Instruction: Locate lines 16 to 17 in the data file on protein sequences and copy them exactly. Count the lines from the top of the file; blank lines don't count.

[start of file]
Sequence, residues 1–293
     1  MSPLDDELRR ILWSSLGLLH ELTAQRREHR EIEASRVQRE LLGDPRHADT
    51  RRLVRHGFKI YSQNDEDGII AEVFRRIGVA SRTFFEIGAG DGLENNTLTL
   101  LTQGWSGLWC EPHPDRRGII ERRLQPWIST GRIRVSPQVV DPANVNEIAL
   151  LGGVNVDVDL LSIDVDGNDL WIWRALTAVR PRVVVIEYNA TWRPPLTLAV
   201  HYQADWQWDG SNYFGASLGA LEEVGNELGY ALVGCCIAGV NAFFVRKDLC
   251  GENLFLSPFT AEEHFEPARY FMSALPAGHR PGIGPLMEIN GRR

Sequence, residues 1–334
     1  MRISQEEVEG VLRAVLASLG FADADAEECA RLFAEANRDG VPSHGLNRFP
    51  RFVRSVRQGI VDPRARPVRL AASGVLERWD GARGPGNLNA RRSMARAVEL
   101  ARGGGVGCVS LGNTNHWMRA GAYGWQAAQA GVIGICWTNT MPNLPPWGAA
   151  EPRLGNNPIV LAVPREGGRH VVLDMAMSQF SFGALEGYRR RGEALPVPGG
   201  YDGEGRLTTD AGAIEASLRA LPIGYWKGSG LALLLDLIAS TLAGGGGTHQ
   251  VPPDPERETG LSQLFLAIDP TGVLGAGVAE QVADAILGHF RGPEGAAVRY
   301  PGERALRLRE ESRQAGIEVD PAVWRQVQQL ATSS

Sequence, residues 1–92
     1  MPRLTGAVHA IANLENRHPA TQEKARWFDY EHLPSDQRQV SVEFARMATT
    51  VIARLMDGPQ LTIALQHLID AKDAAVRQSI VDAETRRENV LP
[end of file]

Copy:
Sequence, residues 1–92
     1  MPRLTGAVHA IANLENRHPA TQEKARWFDY EHLPSDQRQV SVEFARMATT